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Abdillahi Yusuf To Disarm Baidowians
Militia formerly loyal to Somalia's President Abdillahi Yusuf wear Islamic headgear given to them by the Supreme Islamic Courts Council after they defected from Baidoa, the only town under government control, to join the Supreme Islamic Courts Council, in the Somali capital, Mogadishu, Tuesday, Aug. 1, 2006.
BAIDOA, Somalia, August 1, 2006 – Somalia's president told residents of the only town his government controls Tuesday that they have a week to give up their weapons or "every single gun" would be seized by force.
President Abdillahi Yusuf said his government would pay people for any arms surrendered, and that the details of the disarmament plan would be released Wednesday.
He did not say why his government decided on the measure, but two lawmakers have been shot in Baidoa, 155 miles from the capital of Mogadishu, over the past week, one fatally. More than 20 others have resigned in disgust, including four on Tuesday.
Somalia's government has no military and relies on a militia loyal to Yusuf.
The administration was formed two years ago with the support of the United Nations to help Somalia emerge from more than a decade of anarchy, but it has established no real authority.
The government has watched helplessly as Islamic militants with alleged ties to al-Qaida have tightened their grip on southern Somalia and Mogadishu.
Somalia has about 200 members of parliament who were appointed along clan lines to accommodate disparate groups that have the support of Somalis.
"Because of ... the lack of a clear policy, we have decided to resign and join the other former ministers who have already stepped down," said a statement released by the four lawmakers who resigned Tuesday, including the deputy minister for treasury.
Prime Minister Ali Mohamed Gedi barely survived a no-confidence vote in parliament over the weekend, but insisted Tuesday that government would continue to function.
"My government has survived political turmoil, and right now I hope it will stand on its own two legs soon," Gedi told journalists after Tuesday's resignations.
Foreign ministers of the regional Intergovernmental Authority on Development met Tuesday in neighboring Kenya to discuss the situation in Somalia. Their agenda was expected to include a report by a fact-finding mission that recommends the quick deployment of a peacekeeping operation _ a step rejected by the Islamic group but repeatedly called for by the government.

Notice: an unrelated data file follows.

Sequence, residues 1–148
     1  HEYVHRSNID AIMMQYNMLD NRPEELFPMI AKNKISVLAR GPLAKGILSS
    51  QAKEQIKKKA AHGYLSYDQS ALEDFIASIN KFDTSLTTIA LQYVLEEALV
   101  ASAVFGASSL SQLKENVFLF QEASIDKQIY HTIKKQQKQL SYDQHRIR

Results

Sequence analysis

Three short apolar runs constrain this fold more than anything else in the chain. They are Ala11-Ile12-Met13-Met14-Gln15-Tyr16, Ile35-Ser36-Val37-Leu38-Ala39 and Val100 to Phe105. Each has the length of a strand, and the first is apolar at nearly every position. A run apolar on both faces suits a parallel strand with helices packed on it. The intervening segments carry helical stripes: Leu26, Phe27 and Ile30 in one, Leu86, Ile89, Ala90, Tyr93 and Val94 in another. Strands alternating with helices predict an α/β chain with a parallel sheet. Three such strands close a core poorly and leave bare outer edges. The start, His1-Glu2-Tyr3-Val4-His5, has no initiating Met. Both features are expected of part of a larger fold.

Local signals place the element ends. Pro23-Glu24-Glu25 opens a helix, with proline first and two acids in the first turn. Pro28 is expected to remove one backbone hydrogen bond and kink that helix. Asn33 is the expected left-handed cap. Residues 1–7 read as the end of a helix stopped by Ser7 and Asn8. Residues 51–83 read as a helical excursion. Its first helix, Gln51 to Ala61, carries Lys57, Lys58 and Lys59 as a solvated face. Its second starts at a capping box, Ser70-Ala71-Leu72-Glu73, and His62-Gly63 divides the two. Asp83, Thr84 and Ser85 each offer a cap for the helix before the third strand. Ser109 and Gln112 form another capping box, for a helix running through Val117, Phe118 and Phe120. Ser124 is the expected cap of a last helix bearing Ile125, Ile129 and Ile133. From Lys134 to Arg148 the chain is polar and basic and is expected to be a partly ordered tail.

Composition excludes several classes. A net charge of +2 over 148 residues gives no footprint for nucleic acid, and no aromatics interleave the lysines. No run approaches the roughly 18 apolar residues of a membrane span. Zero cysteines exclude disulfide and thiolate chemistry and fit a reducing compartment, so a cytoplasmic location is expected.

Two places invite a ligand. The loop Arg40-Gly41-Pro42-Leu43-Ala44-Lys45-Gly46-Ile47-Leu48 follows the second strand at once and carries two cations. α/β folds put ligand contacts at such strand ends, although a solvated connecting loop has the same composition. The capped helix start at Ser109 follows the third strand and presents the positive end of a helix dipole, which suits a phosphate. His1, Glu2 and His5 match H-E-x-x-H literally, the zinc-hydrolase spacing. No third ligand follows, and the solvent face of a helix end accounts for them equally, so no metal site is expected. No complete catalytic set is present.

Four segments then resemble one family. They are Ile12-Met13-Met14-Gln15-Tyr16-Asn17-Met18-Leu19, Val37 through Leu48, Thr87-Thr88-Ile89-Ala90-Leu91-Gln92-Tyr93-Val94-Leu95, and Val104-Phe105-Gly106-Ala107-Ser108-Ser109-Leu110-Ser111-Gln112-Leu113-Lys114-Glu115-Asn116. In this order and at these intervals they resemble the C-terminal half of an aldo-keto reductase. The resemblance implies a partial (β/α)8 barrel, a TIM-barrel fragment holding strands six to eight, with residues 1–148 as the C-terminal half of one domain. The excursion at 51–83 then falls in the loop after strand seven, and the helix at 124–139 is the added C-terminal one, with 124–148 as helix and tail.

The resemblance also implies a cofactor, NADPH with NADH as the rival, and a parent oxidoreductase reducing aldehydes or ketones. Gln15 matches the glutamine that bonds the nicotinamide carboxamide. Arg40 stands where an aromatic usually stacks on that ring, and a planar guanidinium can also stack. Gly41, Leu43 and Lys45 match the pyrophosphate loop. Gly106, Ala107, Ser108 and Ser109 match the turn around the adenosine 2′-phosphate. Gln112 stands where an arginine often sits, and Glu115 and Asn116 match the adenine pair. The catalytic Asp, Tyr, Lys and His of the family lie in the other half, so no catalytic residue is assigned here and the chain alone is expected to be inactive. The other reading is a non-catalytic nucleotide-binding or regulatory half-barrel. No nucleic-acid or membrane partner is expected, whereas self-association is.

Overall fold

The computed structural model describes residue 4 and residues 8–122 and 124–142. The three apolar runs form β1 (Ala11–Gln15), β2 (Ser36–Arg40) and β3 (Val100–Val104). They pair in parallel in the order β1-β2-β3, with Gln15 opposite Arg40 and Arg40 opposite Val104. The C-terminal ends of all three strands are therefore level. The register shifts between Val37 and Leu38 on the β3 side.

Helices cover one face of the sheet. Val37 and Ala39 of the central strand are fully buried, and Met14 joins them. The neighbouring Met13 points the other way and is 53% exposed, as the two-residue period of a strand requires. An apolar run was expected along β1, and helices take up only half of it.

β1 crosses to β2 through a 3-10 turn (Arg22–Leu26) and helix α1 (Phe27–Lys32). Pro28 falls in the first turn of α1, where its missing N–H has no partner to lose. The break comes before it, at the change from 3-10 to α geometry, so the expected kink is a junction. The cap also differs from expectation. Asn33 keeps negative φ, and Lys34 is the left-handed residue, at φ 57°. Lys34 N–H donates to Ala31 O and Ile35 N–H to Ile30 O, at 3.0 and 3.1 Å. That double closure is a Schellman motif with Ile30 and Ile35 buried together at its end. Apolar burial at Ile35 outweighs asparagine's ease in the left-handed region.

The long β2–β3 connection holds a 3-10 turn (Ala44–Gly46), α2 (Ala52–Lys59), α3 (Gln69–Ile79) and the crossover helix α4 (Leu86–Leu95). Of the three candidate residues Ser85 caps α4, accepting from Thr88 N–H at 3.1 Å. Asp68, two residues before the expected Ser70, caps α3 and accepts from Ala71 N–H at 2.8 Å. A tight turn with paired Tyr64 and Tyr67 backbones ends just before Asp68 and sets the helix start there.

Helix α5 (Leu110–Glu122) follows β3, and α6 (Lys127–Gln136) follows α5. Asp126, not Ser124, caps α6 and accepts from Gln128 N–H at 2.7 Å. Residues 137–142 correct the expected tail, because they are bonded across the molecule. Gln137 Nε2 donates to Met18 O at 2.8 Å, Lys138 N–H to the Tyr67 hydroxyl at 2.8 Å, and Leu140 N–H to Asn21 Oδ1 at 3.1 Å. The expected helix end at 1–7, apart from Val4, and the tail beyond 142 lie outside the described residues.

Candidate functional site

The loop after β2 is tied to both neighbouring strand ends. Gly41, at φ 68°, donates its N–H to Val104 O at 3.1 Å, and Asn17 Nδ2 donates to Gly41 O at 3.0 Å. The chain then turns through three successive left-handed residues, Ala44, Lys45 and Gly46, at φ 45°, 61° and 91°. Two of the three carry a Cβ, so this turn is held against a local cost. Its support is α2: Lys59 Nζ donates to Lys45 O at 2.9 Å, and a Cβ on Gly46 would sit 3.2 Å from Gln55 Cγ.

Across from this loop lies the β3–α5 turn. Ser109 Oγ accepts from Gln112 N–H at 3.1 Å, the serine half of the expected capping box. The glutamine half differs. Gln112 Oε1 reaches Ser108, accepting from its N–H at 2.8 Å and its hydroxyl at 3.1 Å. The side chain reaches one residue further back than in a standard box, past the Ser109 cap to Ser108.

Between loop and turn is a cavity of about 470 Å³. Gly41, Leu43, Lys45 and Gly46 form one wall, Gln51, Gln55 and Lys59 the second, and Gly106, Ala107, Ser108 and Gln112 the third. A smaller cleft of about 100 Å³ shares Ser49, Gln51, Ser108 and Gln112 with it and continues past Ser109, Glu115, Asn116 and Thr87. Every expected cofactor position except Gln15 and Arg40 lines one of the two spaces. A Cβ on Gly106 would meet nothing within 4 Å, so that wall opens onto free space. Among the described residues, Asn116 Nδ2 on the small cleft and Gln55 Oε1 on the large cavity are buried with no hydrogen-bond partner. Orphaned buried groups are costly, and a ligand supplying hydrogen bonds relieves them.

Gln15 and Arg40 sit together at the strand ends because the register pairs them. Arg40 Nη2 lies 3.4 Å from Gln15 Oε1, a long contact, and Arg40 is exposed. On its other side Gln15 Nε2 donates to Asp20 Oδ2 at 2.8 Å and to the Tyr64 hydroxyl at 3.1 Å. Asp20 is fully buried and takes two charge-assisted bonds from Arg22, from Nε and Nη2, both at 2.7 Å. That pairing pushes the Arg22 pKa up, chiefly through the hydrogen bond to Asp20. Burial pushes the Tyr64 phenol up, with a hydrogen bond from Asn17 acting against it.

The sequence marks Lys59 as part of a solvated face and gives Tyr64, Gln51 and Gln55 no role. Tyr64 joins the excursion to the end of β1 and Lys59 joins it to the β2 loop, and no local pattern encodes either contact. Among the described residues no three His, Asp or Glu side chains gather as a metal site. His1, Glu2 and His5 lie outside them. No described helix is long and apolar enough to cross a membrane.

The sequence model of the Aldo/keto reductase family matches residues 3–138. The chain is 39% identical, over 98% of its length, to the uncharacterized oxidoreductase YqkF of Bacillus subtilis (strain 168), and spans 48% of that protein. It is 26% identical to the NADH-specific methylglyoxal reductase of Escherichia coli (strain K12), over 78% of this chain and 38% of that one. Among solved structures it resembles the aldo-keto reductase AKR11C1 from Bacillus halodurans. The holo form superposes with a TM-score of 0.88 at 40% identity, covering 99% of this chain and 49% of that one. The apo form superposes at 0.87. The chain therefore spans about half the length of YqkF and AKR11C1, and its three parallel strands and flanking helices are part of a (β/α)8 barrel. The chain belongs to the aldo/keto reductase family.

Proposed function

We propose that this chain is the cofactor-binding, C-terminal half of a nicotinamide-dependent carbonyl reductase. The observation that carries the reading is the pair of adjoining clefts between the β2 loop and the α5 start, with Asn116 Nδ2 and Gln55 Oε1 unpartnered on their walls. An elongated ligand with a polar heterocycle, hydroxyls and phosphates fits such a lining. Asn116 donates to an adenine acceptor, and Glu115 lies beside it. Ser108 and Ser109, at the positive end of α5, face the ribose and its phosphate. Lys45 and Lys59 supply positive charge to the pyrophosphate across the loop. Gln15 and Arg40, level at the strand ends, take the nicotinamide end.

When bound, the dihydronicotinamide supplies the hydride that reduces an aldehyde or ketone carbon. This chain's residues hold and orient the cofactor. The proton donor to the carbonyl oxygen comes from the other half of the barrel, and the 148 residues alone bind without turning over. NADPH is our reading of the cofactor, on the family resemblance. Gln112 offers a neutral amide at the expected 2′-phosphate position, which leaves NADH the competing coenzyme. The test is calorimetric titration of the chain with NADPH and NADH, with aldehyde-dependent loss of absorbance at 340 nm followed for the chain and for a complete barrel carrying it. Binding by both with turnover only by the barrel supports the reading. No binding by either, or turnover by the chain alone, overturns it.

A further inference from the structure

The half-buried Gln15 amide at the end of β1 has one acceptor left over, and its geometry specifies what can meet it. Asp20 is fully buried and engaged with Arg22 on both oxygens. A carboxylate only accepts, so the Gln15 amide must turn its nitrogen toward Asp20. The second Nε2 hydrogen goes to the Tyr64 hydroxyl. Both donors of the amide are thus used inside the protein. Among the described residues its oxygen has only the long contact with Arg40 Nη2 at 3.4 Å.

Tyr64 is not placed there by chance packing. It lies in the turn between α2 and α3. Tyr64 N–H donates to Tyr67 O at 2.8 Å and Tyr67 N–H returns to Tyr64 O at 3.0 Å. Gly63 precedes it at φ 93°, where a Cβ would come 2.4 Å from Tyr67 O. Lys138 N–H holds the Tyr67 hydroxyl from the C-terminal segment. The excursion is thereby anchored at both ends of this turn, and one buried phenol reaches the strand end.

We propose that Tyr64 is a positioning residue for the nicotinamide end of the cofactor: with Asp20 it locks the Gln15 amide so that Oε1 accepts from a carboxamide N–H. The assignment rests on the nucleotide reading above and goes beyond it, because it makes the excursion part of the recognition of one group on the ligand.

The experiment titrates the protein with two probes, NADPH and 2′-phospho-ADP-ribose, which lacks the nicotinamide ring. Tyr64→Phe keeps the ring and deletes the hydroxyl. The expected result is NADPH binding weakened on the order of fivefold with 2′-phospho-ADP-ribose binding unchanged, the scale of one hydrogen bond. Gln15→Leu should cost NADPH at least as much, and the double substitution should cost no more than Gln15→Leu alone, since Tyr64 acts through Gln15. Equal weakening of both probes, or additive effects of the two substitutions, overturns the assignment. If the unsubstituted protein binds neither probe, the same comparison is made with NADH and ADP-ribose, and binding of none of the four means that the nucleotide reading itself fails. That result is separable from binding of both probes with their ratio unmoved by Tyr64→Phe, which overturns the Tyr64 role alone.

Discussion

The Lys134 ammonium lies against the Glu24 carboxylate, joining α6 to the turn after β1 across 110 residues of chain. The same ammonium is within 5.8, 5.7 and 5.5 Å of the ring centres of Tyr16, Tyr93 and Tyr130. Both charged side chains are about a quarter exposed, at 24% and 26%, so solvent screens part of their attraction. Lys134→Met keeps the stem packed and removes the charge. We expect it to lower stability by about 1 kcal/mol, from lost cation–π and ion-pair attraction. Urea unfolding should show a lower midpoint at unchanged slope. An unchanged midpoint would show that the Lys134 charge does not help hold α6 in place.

The report, a copy of which was obtained by The Associated Press, also backs a proposal to lift an international arms embargo to help the government provide security. An U.N.-imposed arms embargo has been in place since 1992, but it has been violated by all sides in the Somali conflict.
The regional group mediated talks beginning four years ago that led to the formation of Somalia's government. Besides Somalia , IGAD members include Djibouti , Eritrea , Ethiopia , Sudan , Uganda and Kenya .
The Islamic militants who rule much of the south have imposed strict religious courts, raising fears of an emerging Taliban-style regime. The United States accuses the group of harboring al-Qaida leaders responsible for deadly bombings at the U.S. embassies in Kenya and Tanzania in 1998.
The militants have brought a remarkable amount of control to a country that has seen little more than chaos since 1991, when longtime dictator Mohamed Siyad Barre was toppled. On Monday, 275 militiamen with 50 pickup trucks mounted with anti-aircraft guns were sent to central Somalia to break up the bases of Somali pirates who have been kidnapping sailors.
"They will also help people in those areas set up their own Islamic courts and local administrations," Sheik Mohamud Siyad Inda Adde, the group's security chairman, told The Associated Press.
The United States and other Western powers have cautioned outsiders against meddling in Somalia, which has no single ruling authority and can be manipulated by anyone with money and guns. But there is little sign the warning has been heeded.
On Tuesday, Kazakhstan said it was investigating reports that a plane bearing the ex-Soviet republic's national flag delivered weapons for Islamic militants in Somalia twice last week. Somalia's government alleges the deliveries were arms from Eritrea.
Officials in Kazakhstan, a vast oil-rich Central Asian nation, had been involved in a string of illegal arms dealing scandals after the 1991 Soviet collapse, including sales of military equipment to Ethiopia and Congo. Kazakh air operators also often make their planes available for charter.
Associated Press writers Mohamed Sheikh Nor in Mogadishu and Bagila Bukharbayeva in Almaty , Kazakhstan , contributed to this report.
Source: The Associated Press